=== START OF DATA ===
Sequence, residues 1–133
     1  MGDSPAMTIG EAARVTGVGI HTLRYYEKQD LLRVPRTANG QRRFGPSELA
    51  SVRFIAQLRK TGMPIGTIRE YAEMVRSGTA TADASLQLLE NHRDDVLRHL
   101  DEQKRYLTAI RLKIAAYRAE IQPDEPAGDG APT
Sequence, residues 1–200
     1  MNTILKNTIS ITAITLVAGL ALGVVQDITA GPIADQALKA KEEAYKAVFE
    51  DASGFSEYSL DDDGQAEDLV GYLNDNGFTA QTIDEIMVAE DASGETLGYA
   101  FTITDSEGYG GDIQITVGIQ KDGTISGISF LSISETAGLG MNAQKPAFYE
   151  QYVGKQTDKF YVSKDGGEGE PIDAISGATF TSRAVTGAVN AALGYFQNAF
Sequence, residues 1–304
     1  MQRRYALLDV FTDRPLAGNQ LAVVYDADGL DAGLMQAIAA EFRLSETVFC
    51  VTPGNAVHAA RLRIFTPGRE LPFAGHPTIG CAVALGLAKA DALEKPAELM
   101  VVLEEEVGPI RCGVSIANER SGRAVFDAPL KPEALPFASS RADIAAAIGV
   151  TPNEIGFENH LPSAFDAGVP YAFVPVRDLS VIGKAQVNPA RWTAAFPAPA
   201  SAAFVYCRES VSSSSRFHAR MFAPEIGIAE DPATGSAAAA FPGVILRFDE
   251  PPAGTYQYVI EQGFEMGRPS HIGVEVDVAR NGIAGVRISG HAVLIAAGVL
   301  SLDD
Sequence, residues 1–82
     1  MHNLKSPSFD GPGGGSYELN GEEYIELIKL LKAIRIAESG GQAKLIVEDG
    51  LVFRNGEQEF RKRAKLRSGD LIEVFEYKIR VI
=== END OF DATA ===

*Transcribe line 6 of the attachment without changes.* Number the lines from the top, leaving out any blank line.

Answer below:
     1  MNTILKNTIS ITAITLVAGL ALGVVQDITA GPIADQALKA KEEAYKAVFE